Review: In this Corner of the World / Japanese Film Festival / Bill

Adapted from the Manga by Fumiyo Kono, In this Corner Of the World is an animated movie set in WWII-era Japan, leading up to the atomic bombings of Hiroshima and Nagasaki.

It follows the story of Suzu, a young woman living in Eda, a seaside town near Hiroshima. At age 18, she’s working at her Grandma’s seaweed farm, and is told a man has come to ask for her hand in marriage. The man, named Shusaku – who Suzu has only met once during a short visit to the city – works for the navy in a large naval port at Kure. Suzu accepts his proposal and moves to Kure, but as she’s adjusting to her new life, the ever-increasing threat of the Pacific War starts to affect the townspeople.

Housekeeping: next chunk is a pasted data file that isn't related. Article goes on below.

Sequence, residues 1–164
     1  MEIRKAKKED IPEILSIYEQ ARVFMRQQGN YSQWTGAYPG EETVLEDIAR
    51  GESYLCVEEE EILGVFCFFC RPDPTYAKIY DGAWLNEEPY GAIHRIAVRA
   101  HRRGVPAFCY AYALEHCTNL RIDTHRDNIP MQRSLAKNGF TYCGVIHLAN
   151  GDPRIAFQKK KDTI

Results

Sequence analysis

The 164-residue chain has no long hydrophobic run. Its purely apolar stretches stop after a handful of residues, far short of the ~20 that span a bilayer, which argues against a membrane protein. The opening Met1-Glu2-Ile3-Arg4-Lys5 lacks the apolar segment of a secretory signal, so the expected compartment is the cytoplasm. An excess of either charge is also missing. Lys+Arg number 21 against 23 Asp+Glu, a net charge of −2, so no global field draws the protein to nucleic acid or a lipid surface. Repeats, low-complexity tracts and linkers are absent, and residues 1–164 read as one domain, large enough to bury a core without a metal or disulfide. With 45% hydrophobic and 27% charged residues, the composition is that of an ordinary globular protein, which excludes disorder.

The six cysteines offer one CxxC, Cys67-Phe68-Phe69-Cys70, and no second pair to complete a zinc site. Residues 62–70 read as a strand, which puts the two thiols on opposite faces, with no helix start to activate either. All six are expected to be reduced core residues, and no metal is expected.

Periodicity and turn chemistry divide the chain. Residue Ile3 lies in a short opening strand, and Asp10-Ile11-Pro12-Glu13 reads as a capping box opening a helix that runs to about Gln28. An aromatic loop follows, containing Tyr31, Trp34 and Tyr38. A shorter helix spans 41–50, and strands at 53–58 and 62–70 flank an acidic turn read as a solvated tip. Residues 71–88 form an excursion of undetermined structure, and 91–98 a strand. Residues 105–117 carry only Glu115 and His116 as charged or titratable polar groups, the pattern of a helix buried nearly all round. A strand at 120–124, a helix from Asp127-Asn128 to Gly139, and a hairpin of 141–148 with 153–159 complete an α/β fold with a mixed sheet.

At first the film is confusing to say the least. It’s a mental battle trying to stay on top of what’s going on. Then it becomes what seems to be a more understandable (but not necessarily more interesting) film about housework and cooking, with the occasional break for an air raid. After we’re done with that, the film does a sort of cinematic backflip and becomes a serious war movie.

And though it does it’s best to convey the tragedies of 1945 in a unique and engaging way, it falls short on the latter front. It tends to drag on and has trouble moving onto the next point. Often lovely and heartwarming it may be, but the 2 hour-plus run time feels excessive.

In This Corner of the World is screening at the 2017 Japanese Film Festival nationally.

Bill (13)

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